Feminist Thought: A More Comprehensive Introduction

By Rosemarie Putnam Tong | Go to book overview

CHAPTER SEVEN
Multicultural and Global Feminism

MULTICULTURAL AND GLOBAL FEMINISTS share with postmodern feminists a view of the self as fragmented. However, for multicultural and global feminists, the roots of this fragmentation are primarily cultural, racial, and ethnic rather than sexual, psychological, and literary. There are many similarities between multicultural and global feminism. Both challenge "female essentialism," the view that the idea of "woman" exists as some sort of Platonic form each and every flesh-and-blood woman somehow fits; and both disavow "female chauvinism," the tendency of some women, privileged on account of their race or class, for example, to presume to speak on behalf of all women.

Despite the important similarities that link multicultural and global feminists, there are nonetheless some major differences that distinguish them. Multicultural feminism is based on the insight that even in one nation--the United States of America, for instance--all women are not created or constructed equal. Depending on her race and class but also on her sexual preference, age, religion, education attainment, occupation, marital status, health condition, and so on, each and every woman in the United States will experience her oppression as an American woman differently. Adding to the insights of multicultural feminists, global feminists further stress that depending on whether a woman is a citizen of a First World or a Third World nation, an advanced industrial or a developing nation, a nation that is colonialist or colonized, she will experience oppression differently.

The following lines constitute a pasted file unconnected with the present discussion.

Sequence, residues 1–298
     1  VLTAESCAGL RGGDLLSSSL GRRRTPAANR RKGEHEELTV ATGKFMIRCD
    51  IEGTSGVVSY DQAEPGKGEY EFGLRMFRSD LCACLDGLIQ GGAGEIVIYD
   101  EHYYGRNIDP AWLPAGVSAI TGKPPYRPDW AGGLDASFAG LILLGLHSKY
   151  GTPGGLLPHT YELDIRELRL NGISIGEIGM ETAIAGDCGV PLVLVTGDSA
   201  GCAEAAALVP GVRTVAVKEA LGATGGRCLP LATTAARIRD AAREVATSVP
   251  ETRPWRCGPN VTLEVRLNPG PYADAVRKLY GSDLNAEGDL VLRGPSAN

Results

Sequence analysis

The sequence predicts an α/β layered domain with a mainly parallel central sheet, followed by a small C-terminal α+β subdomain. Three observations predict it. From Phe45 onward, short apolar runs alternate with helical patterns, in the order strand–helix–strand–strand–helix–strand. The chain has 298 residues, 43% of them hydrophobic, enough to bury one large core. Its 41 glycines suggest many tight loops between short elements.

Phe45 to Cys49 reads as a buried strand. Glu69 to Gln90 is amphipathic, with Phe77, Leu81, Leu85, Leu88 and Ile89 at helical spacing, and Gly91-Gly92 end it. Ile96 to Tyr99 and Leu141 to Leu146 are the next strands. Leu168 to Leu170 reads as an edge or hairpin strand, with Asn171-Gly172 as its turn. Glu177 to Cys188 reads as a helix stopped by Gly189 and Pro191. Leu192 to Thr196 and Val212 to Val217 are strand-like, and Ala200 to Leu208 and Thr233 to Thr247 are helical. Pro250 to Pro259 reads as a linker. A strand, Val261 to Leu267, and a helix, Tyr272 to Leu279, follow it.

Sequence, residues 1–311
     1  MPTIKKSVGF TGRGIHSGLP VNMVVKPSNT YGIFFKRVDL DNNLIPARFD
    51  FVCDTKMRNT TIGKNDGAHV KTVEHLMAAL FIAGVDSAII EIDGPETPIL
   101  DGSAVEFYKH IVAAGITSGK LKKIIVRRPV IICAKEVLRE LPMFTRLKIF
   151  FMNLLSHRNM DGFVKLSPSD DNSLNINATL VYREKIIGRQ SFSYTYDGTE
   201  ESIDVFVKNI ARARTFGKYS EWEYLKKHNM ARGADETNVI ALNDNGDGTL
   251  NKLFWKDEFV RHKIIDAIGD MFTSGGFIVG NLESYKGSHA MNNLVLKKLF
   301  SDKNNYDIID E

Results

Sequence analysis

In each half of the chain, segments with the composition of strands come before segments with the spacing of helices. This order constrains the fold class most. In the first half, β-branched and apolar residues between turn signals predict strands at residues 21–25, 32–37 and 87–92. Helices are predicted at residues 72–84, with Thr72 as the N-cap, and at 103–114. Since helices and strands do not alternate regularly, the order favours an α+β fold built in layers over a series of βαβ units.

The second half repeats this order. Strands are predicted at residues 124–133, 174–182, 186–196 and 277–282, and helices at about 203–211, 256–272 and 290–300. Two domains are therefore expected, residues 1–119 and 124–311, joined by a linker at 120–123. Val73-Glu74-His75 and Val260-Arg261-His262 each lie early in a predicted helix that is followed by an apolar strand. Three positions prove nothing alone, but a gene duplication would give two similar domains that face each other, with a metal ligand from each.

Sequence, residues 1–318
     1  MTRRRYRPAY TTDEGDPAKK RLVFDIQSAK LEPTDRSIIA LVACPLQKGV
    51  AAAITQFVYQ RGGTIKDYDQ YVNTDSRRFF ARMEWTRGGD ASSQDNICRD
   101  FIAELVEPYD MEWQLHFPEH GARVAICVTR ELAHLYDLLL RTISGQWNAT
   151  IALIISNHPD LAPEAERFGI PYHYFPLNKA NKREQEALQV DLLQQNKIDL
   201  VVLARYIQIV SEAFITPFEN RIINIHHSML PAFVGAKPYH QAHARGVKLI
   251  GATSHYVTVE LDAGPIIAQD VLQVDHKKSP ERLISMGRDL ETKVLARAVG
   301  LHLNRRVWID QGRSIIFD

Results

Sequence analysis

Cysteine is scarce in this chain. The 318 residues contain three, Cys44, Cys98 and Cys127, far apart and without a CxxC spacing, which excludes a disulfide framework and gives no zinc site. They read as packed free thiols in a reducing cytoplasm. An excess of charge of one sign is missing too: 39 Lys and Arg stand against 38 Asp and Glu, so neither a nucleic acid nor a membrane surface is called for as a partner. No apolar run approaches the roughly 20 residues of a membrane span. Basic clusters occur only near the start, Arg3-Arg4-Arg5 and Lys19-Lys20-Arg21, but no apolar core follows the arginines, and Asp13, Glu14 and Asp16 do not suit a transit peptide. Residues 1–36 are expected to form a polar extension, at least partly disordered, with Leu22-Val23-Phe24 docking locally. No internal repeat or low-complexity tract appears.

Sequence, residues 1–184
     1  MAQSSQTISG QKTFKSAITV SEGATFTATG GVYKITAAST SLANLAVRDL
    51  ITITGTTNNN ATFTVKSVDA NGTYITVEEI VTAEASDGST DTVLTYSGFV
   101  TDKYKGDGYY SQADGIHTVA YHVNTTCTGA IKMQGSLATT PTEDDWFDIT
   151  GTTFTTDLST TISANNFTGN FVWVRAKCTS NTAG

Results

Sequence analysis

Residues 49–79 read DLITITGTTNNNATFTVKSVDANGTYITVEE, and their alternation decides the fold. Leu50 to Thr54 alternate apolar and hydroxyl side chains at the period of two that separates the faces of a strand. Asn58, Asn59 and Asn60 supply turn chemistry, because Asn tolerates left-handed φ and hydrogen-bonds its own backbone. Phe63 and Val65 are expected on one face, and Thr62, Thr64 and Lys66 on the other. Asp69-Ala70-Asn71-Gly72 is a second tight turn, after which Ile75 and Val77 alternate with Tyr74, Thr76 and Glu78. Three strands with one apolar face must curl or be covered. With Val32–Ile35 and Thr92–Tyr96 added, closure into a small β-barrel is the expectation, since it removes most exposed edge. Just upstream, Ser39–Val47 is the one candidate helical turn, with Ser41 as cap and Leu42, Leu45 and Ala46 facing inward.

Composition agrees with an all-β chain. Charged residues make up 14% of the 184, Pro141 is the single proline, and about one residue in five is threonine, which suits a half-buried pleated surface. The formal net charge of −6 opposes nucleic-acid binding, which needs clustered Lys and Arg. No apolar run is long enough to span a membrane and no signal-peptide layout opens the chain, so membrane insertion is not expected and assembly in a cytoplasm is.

Multicultural Feminism: An Overview

Because my experiences are those of an American woman, in this chapter I write about multicultural feminism in the United States. Moreover, I

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Feminist Thought: A More Comprehensive Introduction
Table of contents

Table of contents

  • Title Page iii
  • Contents v
  • Acknowledgments viii
  • Introduction: The Diversity of Feminist Thinking 1
  • Chapter One - Liberal Feminism 10
  • Conclusion 43
  • Chapter Two - Radical Feminism: Libertarian and Cultural Perspectives 45
  • Chapter Three - Marxist and Socialist Feminism 94
  • Conclusion 127
  • Chapter Four - Psychoanalytic and Gender Feminism 130
  • Conclusion 171
  • Chapter Five - Existentialist Feminism 173
  • Conclusion 191
  • Chapter Six - Postmodern Feminism 193
  • Conclusion 193
  • Chapter Seven - Multicultural and Global Feminism 212
  • Chapter Eight - Ecofeminism 246
  • Conclusion 276
  • Conclusion: - Margins and Centers 278
  • Notes 281
  • Bibliography 317
  • Index 349
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